The Tunisia Revolution

36. Tunisian people walk up a staircase at the empty and ransacked home of Kaif Ben Ali, nephew of former President Zine al-Abidine Ben Ali, in the Mediterranean resort of Hammamet, about 60 km from the capital January 16, 2011. Showing their contempt for Zine al-Abidine Ben Ali's family, several hundred people filed through the home of Kaif Ben Ali, taking photographs, picking up plants as souvenirs and stripping out plumbing fixtures, two days after the president was ousted. The home was also set fire by unidentified people, according to witnesses. The graffiti reads, The real land owner is Kaisi family. REUTERS/Zohra Bensemra

The Tunisia Revolution

37. Riot policeman try to catch a demonstrator after police broke up a demonstration in downtown Tunis January 17, 2011. Tunisian security forces used water cannon, tear gas and fired shots in the air on Monday as demonstrators took to the streets demanding that the ruling party of the ousted president give up power. REUTERS/Zohra Bensemra

The Tunisia Revolution

38. A demonstrator reacts as security forces use water canons to disperse protesters in downtown Tunis January 17, 2011. Tunisian security forces used water cannon, tear gas and fired shots in the air on Monday as demonstrators took to the streets demanding that the ruling party of the ousted president give up power. REUTERS/Stringer )

The Tunisia Revolution

39. A protester chants slogan during a demonstration in downtown Tunis January 17, 2011. Tunisian security forces used water cannon, tear gas and fired shots in the air on Monday as demonstrators took to the streets demanding that the ruling party of the ousted president give up power. REUTERS/Zohra Bensemra (TUNISIA - Tags: POLITICS CIVIL UNREST)

The Tunisia Revolution

40. A soldier gestures as he keeps watch for snipers on the roof in downtown Tunis January 17, 2011. Tunisian security forces used water cannon, tear gas and fired shots in the air on Monday as demonstrators took to the streets demanding that the ruling party of the ousted president give up power. REUTERS/Zohra Bensemra

The Tunisia Revolution

41. A lawyer chants slogan during a demonstration in downtown Tunis January 17, 2011. Tunisian security forces used water cannon, tear gas and fired shots in the air on Monday as demonstrators took to the streets demanding that the ruling party of the ousted president give up power. REUTERS/Zohra Bensemra

The Tunisia Revolution

42. Members of the Army Special Brigade stand guard at the Tunisia President's office in Tunis January 17, 2011. Tunisia's Prime Minister Mohamed Ghannouchi appointed opposition figures to a new unity government on Monday, trying to establish political stability after violent street protests brought down the president last Friday, and said the government was committed to releasing all political prisoners, and that anyone with great wealth or suspected of corruption would face investigation. REUTERS/Zoubeir Souissi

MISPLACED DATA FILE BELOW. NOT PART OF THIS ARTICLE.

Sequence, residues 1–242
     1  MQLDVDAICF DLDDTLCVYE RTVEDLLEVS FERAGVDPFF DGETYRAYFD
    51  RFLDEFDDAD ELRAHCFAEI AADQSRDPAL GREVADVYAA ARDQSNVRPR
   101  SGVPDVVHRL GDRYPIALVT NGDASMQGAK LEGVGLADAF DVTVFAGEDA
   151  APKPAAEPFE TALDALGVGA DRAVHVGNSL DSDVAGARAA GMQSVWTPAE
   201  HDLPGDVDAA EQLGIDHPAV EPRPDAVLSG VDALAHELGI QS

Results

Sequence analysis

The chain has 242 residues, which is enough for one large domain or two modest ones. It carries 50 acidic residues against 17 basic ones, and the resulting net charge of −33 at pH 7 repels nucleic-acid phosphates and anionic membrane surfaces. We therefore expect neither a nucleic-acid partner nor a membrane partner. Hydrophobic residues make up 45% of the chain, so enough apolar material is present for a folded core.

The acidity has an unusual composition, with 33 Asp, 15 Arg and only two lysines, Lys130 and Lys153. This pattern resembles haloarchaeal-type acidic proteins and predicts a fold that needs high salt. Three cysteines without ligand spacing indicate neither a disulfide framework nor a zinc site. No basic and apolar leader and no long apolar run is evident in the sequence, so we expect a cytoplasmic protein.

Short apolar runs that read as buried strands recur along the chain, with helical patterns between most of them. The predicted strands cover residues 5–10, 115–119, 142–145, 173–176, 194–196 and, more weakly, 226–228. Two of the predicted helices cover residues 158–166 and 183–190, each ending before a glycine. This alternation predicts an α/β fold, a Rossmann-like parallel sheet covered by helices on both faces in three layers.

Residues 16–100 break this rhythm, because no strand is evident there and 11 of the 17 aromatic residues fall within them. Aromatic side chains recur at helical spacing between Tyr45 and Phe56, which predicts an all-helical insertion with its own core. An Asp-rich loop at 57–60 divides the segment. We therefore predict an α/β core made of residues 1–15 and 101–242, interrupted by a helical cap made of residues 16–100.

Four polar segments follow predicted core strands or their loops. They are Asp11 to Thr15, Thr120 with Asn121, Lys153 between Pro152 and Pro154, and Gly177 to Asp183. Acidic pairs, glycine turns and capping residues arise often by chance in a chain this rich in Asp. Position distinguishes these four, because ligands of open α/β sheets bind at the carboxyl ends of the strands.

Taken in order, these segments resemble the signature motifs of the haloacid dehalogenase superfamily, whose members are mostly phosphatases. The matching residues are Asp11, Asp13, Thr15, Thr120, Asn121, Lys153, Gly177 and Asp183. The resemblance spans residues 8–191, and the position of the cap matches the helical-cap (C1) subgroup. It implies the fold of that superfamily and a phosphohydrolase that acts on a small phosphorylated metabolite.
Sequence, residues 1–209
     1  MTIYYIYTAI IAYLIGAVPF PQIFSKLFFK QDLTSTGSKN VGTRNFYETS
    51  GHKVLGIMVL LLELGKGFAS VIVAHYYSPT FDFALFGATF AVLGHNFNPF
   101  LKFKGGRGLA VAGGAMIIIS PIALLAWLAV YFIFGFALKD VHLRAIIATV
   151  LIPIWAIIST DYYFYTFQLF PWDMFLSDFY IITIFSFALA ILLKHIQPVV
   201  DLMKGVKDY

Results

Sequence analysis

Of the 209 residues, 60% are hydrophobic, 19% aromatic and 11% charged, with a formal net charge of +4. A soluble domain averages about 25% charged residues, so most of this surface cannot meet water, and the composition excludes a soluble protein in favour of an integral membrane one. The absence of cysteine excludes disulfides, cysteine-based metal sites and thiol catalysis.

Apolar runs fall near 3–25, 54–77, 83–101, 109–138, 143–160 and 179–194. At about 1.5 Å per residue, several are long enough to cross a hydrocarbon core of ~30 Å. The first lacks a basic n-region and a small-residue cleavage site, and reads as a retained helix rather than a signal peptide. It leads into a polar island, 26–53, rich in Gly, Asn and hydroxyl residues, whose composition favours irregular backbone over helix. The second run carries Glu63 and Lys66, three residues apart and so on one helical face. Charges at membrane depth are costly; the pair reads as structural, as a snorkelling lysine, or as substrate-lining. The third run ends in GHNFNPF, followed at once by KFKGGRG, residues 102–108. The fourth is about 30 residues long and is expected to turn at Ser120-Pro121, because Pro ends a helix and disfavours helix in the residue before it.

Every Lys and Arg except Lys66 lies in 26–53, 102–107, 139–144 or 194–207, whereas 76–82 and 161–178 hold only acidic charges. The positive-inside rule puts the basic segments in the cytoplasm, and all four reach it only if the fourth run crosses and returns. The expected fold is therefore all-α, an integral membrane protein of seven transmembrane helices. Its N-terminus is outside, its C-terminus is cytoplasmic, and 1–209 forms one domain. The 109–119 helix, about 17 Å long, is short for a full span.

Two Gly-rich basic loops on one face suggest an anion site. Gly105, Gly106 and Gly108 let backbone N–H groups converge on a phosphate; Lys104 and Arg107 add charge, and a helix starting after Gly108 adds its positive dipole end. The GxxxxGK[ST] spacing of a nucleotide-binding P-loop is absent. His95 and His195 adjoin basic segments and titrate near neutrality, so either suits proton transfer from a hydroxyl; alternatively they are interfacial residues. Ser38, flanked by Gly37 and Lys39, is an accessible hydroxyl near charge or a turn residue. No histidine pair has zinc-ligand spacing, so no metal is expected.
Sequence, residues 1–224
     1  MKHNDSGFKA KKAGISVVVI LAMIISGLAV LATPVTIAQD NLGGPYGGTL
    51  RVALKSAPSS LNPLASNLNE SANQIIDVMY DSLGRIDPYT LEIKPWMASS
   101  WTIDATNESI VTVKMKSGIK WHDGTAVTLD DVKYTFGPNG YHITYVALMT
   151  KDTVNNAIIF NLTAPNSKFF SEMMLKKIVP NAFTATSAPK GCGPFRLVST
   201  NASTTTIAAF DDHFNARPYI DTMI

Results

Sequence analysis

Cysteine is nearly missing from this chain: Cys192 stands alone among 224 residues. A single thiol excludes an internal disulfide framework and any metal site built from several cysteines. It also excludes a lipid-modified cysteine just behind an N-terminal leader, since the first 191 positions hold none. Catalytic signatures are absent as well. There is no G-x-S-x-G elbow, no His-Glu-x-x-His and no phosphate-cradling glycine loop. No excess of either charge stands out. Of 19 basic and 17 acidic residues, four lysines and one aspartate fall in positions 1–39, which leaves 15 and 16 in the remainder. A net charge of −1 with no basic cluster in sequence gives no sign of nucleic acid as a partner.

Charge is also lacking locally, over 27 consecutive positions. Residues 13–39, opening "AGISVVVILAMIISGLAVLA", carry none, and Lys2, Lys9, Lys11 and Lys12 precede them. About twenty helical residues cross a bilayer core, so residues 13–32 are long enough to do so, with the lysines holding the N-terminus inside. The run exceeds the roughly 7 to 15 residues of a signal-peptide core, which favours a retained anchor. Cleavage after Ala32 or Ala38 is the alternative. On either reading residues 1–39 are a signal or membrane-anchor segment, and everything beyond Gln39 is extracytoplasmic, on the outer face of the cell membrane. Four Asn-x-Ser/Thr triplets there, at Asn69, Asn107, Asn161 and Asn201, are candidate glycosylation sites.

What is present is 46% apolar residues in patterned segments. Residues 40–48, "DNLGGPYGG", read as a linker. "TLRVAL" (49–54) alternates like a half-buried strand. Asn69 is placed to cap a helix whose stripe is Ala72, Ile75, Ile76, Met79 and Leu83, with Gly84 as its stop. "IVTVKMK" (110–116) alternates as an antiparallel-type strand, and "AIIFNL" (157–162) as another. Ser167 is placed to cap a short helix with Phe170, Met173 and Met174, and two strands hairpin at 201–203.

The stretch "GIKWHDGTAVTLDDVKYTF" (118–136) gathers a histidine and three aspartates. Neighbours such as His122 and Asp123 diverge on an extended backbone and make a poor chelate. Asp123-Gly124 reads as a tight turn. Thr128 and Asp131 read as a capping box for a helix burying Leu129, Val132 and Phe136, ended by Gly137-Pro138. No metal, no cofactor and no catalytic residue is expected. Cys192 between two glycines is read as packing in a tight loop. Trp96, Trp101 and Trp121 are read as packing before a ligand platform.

The Tunisia Revolution

43. Riot policemen detain a demonstrator after breaking up a demonstration in downtown Tunis January 18, 2011. Three opposition ministers quit Tunisia's new coalition government on Tuesday in protest at the presence of members of the party of ousted leader Zine al-Abidine Ben Ali. Police in Tunis repeatedly used teargas in an attempt to break up a protest by several hundred opposition party supporters and trade unionists who labelled the new government a sham. Protesters would scatter, but then regroup to continue. REUTERS/Zohra Bensemra

The Tunisia Revolution

44. A protester throws a tear gas canister back at riot police after they broke up a demonstration in downtown Tunis January 18, 2011. Three opposition ministers quit Tunisia's new coalition government on Tuesday in protest at the presence of members of the party of ousted leader Zine al-Abidine Ben Ali. Police in Tunis repeatedly used teargas in an attempt to break up a protest by several hundred opposition party supporters and trade unionists who labelled the new government a sham. Protesters would scatter, but then regroup to continue. REUTERS/Zohra Bensemra

The Tunisia Revolution

45. A protester gestures after riot police broke up a demonstration in downtown Tunis January 18, 2011. Tunisia's new coalition government hit trouble on Tuesday, with three ministers quitting and an opposition party threatening to walk out in protest at the presence of members of the party of the ousted president. Police in Tunis repeatedly used teargas in an attempt to break up a protest by several hundred opposition party supporters and trade unionists who labelled the new government a sham. Protesters would scatter, but then regroup to continue. REUTERS/Zohra Bensemra

The Tunisia Revolution

46. A protester shows an empty bullet casing after riot police broke up a demonstration in downtown Tunis January 18, 2011. Tunisia's new coalition government hit trouble on Tuesday when four ministers quit and an opposition party threatened to walk out, undermining efforts to restore stability and end unrest on the streets. REUTERS/Zohra Bensemra

Jan 18, 2011